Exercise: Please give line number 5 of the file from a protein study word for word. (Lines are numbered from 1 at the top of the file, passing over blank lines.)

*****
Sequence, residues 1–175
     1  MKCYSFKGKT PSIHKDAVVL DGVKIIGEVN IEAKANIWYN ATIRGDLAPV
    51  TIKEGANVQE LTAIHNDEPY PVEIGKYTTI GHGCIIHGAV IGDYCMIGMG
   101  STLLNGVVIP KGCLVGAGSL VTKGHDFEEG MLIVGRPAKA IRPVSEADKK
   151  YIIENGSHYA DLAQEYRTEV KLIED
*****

   151  YIIENGSHYA DLAQEYRTEV KLIED